Especially the track Daylight.
In July of 2019, I decided to change my whole life. I’d lived in land-locked Idaho my entire life, and had always dreamed of living near the ocean. I saw the ocean one time, at eleven years old on a trip with my grandpa, and I thought about it every single day for the next eleven years before finally going back — this time to live. I went from a married woman taking care of everyone around me to a woman on her own living in an RV on the Oregon coast… It was my social media management business that allowed me to do this independent of my (now ex) husband, who chose not to come with me to the coast for fear of the financial risk.
After the childhood I had, living a quiet mediocre life as a wife and mother seemed like more than I could ever dream. But I was still living in fear. I didn’t have normal friendships, I couldn’t leave the house without having an anxiety attack. I was the bubbliest person on the planet if you knew me, but if you didn’t, I probably kept a safe distance and smiled from afar. I never wanted to rock the boat or invite trouble.
When I left the only home I’d ever known for my new home on the coast, I decided to leave that fear behind. I embraced the Lover album with all its upbeat sparkle and, for the first time, I invited the daylight in. It was the beginning of a grand adventure, one that has me writing from Florida today! A long way from tinytown Idaho, and a freer woman than the girl I left behind would believe possible.
Let’s now shift to the main part of our discussion. Can you tell our readers about your career experience before the Pandemic began?
Before the pandemic, I was modestly getting by with my service business… but it was hard. I struggled a lot with impostor syndrome, never feeling like I was doing a good enough job even when my clients said they were impressed with my work. Just before the pandemic hit, I hit my own upper limit. I was so afraid of letting my clients down, that I froze completely. I didn’t do anything. I just apologized, refunded them, and took a break. I watched my savings dwindle and even applied for a home health job in my new home on the coast.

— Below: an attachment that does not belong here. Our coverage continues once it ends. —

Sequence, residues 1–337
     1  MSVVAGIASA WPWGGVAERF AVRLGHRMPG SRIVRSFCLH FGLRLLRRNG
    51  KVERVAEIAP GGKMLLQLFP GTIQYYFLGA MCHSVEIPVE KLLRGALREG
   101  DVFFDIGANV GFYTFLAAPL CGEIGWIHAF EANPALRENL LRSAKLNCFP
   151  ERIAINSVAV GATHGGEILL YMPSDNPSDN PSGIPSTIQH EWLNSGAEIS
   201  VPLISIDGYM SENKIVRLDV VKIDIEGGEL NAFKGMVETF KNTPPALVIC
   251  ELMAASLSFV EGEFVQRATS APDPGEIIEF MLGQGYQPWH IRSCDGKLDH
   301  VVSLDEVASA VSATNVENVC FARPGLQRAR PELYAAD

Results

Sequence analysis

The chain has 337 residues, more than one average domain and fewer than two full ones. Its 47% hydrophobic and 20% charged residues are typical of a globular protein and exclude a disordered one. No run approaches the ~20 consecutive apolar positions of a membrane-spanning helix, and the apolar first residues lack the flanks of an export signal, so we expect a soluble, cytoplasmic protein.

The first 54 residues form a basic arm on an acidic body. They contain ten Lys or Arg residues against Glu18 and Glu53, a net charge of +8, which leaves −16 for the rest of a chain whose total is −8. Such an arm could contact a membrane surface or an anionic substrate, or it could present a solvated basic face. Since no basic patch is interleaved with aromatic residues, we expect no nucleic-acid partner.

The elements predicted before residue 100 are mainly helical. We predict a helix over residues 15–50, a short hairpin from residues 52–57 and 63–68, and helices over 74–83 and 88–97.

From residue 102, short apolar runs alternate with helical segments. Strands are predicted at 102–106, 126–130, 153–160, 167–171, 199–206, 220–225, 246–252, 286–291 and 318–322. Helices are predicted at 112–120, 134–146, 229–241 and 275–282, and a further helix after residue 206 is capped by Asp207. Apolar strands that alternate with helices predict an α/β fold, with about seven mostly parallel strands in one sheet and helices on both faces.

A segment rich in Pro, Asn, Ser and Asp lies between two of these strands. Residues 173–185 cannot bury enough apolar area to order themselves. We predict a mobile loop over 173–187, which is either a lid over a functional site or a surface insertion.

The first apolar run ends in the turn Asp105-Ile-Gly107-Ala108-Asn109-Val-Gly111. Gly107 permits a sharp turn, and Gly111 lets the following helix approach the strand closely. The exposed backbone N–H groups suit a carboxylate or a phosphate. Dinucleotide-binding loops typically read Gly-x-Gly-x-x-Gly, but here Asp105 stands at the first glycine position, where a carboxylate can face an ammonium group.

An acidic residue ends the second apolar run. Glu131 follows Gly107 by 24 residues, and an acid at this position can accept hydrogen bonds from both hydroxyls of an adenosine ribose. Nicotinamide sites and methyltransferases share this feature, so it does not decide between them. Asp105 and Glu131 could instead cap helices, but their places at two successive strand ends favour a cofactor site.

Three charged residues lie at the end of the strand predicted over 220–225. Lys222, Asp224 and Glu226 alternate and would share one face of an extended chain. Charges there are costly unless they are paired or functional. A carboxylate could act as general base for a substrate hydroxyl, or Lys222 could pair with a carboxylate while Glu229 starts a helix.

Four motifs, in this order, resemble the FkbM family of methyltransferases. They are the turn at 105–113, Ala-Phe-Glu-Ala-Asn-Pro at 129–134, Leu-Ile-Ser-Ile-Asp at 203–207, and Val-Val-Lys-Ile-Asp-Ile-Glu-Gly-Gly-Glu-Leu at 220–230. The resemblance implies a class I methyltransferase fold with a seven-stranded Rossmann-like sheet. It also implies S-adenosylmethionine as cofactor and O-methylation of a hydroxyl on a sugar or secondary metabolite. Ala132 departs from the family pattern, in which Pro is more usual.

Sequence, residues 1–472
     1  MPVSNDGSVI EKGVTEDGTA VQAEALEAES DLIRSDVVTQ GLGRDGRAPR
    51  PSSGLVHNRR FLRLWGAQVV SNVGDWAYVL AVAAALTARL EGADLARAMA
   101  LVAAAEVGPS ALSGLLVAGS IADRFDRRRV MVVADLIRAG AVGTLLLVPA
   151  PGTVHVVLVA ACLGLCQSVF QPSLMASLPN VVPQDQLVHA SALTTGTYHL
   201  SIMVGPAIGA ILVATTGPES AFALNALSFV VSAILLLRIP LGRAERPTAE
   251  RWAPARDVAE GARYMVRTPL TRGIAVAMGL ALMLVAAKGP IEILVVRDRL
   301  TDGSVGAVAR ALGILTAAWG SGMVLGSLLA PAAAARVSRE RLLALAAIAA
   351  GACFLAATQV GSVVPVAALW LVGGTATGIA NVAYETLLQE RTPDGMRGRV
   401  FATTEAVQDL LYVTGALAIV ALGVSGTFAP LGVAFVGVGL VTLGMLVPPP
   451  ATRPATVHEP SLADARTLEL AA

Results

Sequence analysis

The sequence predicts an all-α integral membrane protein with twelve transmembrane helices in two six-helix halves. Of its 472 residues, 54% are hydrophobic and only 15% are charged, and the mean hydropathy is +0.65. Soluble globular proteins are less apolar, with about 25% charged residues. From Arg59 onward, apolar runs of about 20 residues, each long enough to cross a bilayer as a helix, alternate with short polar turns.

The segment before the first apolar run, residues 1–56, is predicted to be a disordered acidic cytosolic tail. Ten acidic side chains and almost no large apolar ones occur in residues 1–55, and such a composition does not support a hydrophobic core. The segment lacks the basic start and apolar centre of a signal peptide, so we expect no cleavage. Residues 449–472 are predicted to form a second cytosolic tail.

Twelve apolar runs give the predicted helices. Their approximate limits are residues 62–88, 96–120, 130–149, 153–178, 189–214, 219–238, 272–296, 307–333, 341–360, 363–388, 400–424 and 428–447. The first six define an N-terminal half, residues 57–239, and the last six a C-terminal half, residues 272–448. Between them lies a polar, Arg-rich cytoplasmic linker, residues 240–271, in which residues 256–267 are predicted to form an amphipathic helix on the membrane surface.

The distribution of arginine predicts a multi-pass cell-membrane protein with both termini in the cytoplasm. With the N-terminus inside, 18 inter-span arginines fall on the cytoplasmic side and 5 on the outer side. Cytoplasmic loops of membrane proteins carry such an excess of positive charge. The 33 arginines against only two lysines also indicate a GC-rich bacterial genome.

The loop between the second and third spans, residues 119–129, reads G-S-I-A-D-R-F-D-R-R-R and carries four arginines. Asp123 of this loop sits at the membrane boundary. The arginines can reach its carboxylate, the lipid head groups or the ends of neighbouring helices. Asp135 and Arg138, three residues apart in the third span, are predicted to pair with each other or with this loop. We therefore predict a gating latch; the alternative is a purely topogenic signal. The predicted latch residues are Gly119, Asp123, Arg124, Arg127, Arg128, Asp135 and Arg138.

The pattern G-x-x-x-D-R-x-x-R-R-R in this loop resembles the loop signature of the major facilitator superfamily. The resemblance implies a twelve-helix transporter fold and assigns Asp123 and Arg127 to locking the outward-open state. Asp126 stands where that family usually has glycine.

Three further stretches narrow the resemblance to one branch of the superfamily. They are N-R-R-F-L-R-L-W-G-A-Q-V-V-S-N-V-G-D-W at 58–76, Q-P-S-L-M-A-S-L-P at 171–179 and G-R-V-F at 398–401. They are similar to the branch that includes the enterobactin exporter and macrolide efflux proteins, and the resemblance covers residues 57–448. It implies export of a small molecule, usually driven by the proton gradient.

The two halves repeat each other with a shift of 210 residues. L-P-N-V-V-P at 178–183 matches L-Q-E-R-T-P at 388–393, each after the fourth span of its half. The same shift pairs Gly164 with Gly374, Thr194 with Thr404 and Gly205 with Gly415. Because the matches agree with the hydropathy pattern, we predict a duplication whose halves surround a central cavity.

The day I was supposed to start my new job was the first day I got word of the pandemic becoming a serious concern in the U.S. Worried, I called and quit my job before even going to the first shift. I have cystic fibrosis, and a virus like this could cost me my life. It wasn’t worth the risk.
That day, I made $900 bringing in new clients. I didn’t know how I could sustain what I was doing, but I knew I didn’t have any other option. I wasn’t about to run back to the small life I’d left behind.
What did you do to pivot as a result of the Pandemic?
I started taking my work a lot more seriously and joined an inedible membership for entrepreneurs that taught me how to work from my strengths and honor my energy while also making exponentially more money.
It was scary at first. One of my biggest fears in business was that what I had to offer wouldn’t feel worth it to my buyers. I spent two months just completing my new client work and working on my mindset around money and self-worth.
The result of this work simplified my business down into teaching! I developed a course called Pinspired Profits teaching heart-centered entrepreneurs how to market their products and services on Pinterest in a way that makes marketing easier and more human.
Can you tell us about the specific “Aha moment” that gave you the idea to start this new path?
There were so many, but one of the biggest ones was when Rachel Rodgers discussed the idea that just because you can do something doesn’t mean you have to include it in your offer.
Before that message, I’d been trying to combine my coaching education with my design skills and writing skills (I’ve published two books and have more on the way) and my digital marketing skills all into one offer for one audience. The result was always a mess. People loved my passion and heart, but didn’t really understand what I could offer them or why my products would be a good fit for them.
Free to simplify my offer, I realized what I truly wanted to do was create a way to earn my income from educating! Sharing ideas and inspiring people is in my top strengths, along with gathering and evaluating data. It was a no-brainier to simplify my offer into a course and then build my marketing around my strengths of sharing and inspiring others. Now my people know exactly how I can help them and they’re eager to buy to support my work and create their own impact while growing their business in a way they can feel good about.
How are things going with this new initiative?
It’s surreal, if I’m honest. Some days I see the Stripe notifications come in from course sales and have to look again because I don’t believe it. I’ve had to remove the app from my phone or turn off notifications just to keep my head on straight!